Michigan 7 Wk Jrs CHPSPolitics – PEPFAR/Colombia FTA
Generic Uniqueness – Political Capital
Bush’s use of the veto pen has generated political capitalLos Angeles Times 6-30-8
(Johanna Neuman, “Bush thinks polls about him are wrong,” http://latimesblogs.latimes.com/presidentbush/2008/06/bush-thinks- pol.html)
But President Bush senses less hostility out on the road lately, according to U.S. News & World Report, and has told aides he sensesan uptick in popularity that is not yet reflected in the polls. One senior advisor, saying the president feels less "antipathy" from crowdsalong motorcade routes, put it this way: "He feels there has been a shift in attitudes out there that's not reflected in polling data."The White House also believes that the president's recent use of the veto pen -- on legislation such as the farm bill -- has given himsome leverage with Congress. "It's a mistake to underestimate the institutional power of the president and he has utilized that power intelligently," the aide told the magazine.
Bush still has capabilities to get his agenda passedBersia – 6-21-2008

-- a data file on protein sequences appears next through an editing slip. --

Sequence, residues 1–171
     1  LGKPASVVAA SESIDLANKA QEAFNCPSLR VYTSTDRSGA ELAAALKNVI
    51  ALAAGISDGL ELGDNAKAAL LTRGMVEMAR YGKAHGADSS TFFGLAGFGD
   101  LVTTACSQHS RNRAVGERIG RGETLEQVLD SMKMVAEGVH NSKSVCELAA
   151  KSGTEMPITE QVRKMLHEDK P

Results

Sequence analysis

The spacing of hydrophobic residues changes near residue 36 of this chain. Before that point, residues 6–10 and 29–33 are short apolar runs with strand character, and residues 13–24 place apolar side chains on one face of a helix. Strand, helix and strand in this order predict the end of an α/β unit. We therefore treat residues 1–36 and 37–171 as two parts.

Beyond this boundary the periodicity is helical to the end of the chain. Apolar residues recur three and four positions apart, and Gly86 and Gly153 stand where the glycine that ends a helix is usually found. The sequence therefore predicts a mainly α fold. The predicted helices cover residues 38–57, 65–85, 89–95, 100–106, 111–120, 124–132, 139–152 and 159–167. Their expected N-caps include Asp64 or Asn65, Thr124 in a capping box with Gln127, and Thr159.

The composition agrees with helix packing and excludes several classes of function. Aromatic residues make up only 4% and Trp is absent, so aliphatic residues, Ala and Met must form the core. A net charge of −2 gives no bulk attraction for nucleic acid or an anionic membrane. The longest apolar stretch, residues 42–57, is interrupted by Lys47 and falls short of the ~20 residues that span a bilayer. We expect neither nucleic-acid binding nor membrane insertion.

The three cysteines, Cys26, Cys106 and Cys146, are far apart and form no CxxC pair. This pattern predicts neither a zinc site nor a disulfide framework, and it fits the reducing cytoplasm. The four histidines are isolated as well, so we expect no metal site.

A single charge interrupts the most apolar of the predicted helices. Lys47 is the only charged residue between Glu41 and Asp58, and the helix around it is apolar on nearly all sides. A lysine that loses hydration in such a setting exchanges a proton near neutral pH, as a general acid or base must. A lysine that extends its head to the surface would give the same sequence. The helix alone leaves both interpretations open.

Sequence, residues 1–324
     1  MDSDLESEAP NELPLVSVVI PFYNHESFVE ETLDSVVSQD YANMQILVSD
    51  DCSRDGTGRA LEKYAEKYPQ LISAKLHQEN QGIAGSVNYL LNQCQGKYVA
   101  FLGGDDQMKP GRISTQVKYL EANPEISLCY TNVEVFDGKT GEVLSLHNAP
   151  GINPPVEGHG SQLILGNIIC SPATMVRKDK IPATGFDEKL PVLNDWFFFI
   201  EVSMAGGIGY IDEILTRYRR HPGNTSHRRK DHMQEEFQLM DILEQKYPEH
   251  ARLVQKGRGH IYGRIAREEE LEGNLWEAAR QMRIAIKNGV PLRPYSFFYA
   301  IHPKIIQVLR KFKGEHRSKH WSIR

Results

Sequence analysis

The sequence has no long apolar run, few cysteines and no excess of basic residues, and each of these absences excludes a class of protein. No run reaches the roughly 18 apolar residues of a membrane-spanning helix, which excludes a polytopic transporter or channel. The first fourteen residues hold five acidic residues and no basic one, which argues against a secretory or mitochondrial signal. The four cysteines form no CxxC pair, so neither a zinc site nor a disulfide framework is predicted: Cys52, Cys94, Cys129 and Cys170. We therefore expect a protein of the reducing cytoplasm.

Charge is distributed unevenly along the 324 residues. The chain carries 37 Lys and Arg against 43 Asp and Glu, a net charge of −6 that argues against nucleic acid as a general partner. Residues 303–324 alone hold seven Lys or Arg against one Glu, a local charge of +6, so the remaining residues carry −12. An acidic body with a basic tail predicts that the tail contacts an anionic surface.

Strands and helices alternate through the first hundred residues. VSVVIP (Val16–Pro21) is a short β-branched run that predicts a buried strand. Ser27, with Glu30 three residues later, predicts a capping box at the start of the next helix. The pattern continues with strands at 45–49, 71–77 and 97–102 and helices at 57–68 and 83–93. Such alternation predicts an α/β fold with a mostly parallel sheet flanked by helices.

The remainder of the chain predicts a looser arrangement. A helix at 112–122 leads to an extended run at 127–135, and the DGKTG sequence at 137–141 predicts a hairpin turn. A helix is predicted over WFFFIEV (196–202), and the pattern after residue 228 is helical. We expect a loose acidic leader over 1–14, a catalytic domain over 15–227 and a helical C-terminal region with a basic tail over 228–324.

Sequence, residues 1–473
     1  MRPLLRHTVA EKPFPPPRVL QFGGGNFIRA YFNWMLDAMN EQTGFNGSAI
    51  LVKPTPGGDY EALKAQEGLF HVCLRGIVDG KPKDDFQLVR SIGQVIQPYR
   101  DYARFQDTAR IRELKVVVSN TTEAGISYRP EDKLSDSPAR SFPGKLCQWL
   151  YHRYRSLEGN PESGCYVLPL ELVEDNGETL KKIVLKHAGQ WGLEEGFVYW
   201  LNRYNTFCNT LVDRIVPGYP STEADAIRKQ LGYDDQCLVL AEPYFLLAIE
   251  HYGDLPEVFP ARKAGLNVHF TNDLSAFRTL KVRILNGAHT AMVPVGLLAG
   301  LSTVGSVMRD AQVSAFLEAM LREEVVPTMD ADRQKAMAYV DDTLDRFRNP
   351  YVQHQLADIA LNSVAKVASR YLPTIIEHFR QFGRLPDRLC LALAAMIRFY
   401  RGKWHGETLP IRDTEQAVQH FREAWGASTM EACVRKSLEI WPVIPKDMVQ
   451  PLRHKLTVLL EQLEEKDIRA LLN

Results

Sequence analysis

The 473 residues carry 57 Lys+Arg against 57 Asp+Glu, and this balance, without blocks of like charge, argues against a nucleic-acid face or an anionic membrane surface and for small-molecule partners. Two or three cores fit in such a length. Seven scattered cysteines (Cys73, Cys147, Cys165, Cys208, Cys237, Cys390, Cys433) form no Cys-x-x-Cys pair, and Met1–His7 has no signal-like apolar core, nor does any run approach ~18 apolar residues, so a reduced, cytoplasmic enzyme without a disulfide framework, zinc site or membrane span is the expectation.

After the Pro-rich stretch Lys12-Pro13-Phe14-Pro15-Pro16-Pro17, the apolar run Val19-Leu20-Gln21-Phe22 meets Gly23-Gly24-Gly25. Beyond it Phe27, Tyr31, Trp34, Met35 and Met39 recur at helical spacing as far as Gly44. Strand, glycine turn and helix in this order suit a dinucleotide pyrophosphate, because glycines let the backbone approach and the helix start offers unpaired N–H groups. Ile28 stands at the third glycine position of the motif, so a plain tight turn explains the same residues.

Pulitzer Prize winner in editorial writing for the Orlando Sentinel in 2000, is the special assistantto the president for global perspectives at the University of Central Florida, Don't write off the Bush administration yet, OnlineAthens,http://www.onlineathens.com/stories/062108/opinion_20080621001.shtml)Some critics have described President Bush's just-concluded swing through Europe as irrelevant, contending that the region essentiallydisregards him. Moreover, the critics continue, his visit bordered on delusional. After years of tension, how could Bush possibly havehad the nerve to walk the streets of European capitals with such confidence and toss out bold, foreign-policy goals for the near future?Well, let us not too hastily jump to conclusions about the trip, the Bush administration's remaining possibilities and the president'slegacy.For all the shortcomings of his time in office, Bush is neither irrelevant nor delusional. In fact, he might well have signaled theflowering of U.S.-European relations, even though that will not happen on his watch. Whether the winner in November's presidentialelection is Sen. Barack Obama of Illinois, the presumptive Democratic candidate, or his Republican counterpart, Sen. John McCain of Arizona, America's ties with Europe are likely to improve. For that matter, so are U.S. connections with the rest of the world.In addition, the door has not yet closed on the Bush White House. In a half-year's time, much could happen. A lame-duck president isnot without capability.Consider, for example, Bush's promise to advance the cause of peace in the Middle East before he leaves office. Skeptics dismiss thatidea as foolhardy, but former President Clinton had a similar objective during his last year as chief executive. Although his bid for anIsraeli-Palestinian settlement eventually unraveled, Clinton came surprisingly close to success.The possibility also exists for Bush to face unexpected developments, which takes me back to his first campaign for president. At thattime - including during a lengthy foreign-policy discussion shortly before he assumed the presidency - Bush held views on variousglobal issues that appeared unchangeable. As two examples, he described China as a strategic competitor and underscored his aversionto nation-building.